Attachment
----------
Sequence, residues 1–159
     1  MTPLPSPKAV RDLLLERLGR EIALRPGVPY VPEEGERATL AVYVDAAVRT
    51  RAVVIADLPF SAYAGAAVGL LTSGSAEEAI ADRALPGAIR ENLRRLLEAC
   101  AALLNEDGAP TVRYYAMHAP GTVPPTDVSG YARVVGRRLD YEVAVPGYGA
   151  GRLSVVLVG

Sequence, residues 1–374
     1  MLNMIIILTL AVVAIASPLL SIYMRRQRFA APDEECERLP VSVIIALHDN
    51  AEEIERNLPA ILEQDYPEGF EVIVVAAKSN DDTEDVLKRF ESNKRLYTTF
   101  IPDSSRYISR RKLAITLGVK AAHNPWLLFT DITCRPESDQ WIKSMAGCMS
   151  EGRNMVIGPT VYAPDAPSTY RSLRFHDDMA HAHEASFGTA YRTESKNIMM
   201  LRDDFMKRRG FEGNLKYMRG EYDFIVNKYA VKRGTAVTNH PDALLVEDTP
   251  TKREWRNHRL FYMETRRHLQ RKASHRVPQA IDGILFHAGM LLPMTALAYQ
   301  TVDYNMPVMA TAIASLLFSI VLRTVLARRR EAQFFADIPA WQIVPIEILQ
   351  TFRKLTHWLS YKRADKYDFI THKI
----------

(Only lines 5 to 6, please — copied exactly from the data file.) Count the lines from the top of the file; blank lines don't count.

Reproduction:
   151  GRLSVVLVG

Sequence, residues 1–374